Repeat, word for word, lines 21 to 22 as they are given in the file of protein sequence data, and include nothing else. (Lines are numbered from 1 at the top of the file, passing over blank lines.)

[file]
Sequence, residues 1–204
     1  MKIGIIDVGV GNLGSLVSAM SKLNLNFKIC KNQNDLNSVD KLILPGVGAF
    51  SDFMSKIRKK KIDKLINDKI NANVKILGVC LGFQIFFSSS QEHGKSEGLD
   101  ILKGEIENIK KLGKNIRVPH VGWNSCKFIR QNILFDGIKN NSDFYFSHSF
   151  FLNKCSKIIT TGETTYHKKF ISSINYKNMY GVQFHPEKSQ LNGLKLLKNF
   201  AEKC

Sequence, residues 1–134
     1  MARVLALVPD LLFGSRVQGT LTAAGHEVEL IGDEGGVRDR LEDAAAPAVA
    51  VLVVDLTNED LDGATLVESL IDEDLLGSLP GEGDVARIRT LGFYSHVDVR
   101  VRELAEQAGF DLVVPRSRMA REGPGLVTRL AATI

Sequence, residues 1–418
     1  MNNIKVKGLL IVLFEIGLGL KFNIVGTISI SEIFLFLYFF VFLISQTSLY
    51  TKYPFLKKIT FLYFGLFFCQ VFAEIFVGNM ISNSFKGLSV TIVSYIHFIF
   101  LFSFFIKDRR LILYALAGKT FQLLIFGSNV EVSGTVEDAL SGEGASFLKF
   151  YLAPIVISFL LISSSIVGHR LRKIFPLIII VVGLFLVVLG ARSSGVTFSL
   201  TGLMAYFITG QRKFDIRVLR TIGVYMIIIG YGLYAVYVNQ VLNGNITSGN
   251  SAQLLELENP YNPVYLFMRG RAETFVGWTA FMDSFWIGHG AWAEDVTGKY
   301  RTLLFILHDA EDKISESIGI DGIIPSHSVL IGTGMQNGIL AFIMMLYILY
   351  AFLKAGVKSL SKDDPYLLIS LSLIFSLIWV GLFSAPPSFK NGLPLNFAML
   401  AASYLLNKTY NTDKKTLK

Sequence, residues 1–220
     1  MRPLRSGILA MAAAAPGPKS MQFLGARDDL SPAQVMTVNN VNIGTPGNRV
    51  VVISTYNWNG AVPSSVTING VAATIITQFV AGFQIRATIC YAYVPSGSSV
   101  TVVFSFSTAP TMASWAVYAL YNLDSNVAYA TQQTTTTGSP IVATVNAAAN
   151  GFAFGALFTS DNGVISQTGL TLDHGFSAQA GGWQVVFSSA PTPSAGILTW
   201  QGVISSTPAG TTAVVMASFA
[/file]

Sequence, residues 1–220
     1  MRPLRSGILA MAAAAPGPKS MQFLGARDDL SPAQVMTVNN VNIGTPGNRV